• Like
Reactions: Sparky

Sparky

Member
Aug 13, 2012
557
2,720
Glendale,CA
I don't try to take apart their arguments. Certainly with cost as a factor I will concede to them that most EVs don't pencil out relative to a basic car. But, they're damn fun. And driving a Tesla is like every day is my birthday.
Then I ask them if they've driven one. Then I offer a test drive. If there's any hope, that usually does it (or at least when they get back into their ICE and realize what a POS it is to drive).
 
Last edited:
  • Like
Reactions: gene

2012MS85

Member
Apr 26, 2017
401
454
Blue Grass, IA
As s'toon said, somebody emotionally opposed to EVs is going to stay that way even if they keep losing arguments to you. They will just switch to another argument.

The best chance for success is to change their emotional outlook. Take them for a ride. Let them drive it. Let them see how much you enjoy the car, and how much you are saving compared to a "comparable" gas car (a tricky bit as many think a comparable gas car is a Prius).

Once they start asking questions about how to make the car work, rather than giving arguments about why it won't, then you have a chance of convincing them. (Though, as Eclectic said, make sure it will really work for them first! Automakers aren't making a wide variety yet, and the charging infrastructure isn't everywhere yet, so they are not right for everybody. Yet.)
I agree with ChadS - "Take them for a test ride/drive!" A decade ago, I was an EV-denier...until 2011 when Tesla showed up at Berkshire Hathaway's annual shareholder meeting with two shiny Roadsters from their Denver office (that two sales reps drove to Omaha, with the sole purpose of giving free test drives to Berkshire shareholders). My main point of reference on EV's was Warren Buffett's then-recent 10% purchase in BYD, which is the #1 Chinese EV manufacturer who made the ugliest EVs on the planet, with no sex appeal whatsoever, and merely the crap-made-in-China reputation. But then I drove the Roadster and knew I'd someday own a Tesla (I waited several years for the more practical MS85). 100% of my friends, family and strangers who have ridden in my S have yearned for one. Folks simply can't believe how fast, cool, and fun it is. Oh, and I also bought a Volt and Cadillac ELR, so I clearly converted myself all-in and I don't discriminate against non-Teslas (even BYD has started making better looking EV SUVs for the Chinese market).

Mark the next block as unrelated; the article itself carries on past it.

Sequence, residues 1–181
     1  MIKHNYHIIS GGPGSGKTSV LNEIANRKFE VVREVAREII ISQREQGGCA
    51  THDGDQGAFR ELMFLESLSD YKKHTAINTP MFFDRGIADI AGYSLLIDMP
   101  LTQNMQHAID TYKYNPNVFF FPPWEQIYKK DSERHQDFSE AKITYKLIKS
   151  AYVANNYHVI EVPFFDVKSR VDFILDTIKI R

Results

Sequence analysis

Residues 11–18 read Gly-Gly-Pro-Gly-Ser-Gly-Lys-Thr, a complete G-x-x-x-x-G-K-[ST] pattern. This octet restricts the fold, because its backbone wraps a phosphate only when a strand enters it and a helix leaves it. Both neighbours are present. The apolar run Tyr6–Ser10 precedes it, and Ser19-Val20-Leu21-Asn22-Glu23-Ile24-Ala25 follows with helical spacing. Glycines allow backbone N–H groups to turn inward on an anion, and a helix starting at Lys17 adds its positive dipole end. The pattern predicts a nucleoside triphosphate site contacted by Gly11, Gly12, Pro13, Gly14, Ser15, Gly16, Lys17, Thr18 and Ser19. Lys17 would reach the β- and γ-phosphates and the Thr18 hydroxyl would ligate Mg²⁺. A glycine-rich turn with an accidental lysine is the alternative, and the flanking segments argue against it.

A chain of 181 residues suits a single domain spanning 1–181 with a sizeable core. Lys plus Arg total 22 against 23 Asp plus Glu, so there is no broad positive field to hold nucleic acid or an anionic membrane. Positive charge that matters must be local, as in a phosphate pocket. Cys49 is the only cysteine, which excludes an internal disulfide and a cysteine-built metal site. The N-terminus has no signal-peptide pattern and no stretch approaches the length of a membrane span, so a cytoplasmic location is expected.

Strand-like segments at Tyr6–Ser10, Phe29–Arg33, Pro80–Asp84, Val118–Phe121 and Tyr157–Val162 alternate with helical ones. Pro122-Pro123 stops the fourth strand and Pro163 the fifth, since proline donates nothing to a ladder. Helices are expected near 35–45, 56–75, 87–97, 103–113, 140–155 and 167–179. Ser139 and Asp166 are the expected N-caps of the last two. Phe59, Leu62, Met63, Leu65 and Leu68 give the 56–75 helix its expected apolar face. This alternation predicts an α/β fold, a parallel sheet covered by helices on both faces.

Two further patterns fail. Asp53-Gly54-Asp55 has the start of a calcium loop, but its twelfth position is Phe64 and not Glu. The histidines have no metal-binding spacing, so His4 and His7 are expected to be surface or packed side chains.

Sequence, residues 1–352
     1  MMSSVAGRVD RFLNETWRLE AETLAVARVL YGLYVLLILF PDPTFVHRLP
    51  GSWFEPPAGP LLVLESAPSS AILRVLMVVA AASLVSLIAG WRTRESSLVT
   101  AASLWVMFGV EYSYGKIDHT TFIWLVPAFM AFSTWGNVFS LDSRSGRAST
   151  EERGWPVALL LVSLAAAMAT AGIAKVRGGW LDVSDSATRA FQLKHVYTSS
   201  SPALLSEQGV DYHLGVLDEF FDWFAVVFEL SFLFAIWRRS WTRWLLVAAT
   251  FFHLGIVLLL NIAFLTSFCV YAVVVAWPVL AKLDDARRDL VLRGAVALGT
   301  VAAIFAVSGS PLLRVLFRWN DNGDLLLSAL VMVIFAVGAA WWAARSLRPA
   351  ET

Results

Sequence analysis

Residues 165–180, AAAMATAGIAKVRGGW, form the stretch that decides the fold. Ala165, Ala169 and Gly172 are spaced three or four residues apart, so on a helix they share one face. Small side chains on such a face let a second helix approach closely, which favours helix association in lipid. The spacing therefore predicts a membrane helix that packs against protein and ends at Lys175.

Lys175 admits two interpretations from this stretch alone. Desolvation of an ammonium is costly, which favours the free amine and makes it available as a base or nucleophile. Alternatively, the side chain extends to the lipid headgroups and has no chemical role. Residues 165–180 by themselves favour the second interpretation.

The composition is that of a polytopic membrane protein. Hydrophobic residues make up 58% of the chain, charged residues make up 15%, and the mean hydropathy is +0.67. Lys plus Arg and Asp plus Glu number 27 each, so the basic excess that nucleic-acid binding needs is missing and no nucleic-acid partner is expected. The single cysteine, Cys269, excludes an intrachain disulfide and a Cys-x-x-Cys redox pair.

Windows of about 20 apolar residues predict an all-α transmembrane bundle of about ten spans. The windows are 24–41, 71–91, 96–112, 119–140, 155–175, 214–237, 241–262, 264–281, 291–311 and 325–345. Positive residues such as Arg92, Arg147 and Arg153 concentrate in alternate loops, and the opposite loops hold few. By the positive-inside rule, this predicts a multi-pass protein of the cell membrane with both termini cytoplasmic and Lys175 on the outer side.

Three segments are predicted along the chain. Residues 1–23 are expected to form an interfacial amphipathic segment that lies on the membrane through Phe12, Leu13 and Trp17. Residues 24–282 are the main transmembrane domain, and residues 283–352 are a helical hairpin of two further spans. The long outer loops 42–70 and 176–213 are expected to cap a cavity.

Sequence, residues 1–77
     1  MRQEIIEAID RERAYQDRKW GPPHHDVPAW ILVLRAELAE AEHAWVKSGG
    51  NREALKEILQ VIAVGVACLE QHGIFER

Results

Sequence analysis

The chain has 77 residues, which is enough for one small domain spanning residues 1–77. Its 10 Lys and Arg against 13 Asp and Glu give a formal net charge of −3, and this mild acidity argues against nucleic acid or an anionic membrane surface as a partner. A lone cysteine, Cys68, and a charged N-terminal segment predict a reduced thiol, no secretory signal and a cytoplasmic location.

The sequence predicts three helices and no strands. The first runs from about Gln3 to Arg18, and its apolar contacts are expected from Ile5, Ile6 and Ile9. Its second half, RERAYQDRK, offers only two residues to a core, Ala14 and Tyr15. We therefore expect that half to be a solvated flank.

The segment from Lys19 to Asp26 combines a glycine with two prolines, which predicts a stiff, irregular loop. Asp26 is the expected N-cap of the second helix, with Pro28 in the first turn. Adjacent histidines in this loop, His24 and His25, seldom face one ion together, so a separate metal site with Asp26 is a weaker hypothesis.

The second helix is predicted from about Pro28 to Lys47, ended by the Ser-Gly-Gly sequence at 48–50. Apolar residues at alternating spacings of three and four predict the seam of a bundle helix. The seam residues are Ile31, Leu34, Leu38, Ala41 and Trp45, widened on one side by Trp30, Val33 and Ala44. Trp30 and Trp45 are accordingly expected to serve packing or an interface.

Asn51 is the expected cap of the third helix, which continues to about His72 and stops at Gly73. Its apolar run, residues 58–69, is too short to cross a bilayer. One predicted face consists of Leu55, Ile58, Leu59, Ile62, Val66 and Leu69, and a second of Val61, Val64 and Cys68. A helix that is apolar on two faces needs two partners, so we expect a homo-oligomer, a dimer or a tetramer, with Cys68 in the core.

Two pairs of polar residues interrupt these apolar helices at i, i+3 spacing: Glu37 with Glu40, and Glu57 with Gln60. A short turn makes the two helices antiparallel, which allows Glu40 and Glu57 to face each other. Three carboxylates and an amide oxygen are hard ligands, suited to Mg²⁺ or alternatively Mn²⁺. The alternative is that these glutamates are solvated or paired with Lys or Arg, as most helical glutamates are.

TaoJones

Beyond Driven
Nov 10, 2014
3,064
3,028
The Americas
I generally just point and laugh at such people. With them it's the same 5 or 10 tired talking points from talk radio and similar that are so easily debunked now. I call these people sheeple - they'd rather have their ideology than a solution.

The truly unaware are much more fun with whom to interact. Once one gets past the cost misperceptions (the average new car sold in the States today costs $36,000 - so it's simple to juxtapose a $45K CPO in terms of TCO (total cost of ownership)) and range anxiety, that pretty much leaves geography and infrastructure.
 
  • Like
Reactions: gene

dhrivnak

Active Member
Jan 8, 2011
4,497
3,900
NE Tennessee
Just curious about this. I'm sure we've all had conversations with friends or acquaintances where as soon as you say, "I drive a Tesla", they reply with concern about your "bad" decision and how they would never buy an EV.

I've also heard the usual arguments that I'm sure everyone has heard from "the battery technology is too new" (got this one last year), "they don't work in the cold", "they can catch on fire", "the range is still enough for my epic 2000 km trip without stopping, one that I make every 5 years", "they pollute more then gas cars", etc. I'm very civil when I tear down their arguments, but I end up only winning a debate, nothing more.

Has anyone found arguments that are convincing enough to convert an anti-EV person to being pro-EV in which they end up buying an EV? This came to mind when, after being asked questions about my car, from a friend, they still ended up buying a comparatively priced new fossil-car because my car (Model-S 70D) "only had 400 km range". :confused: (yes, they do live in a house that they own, so charging would not have been a problem).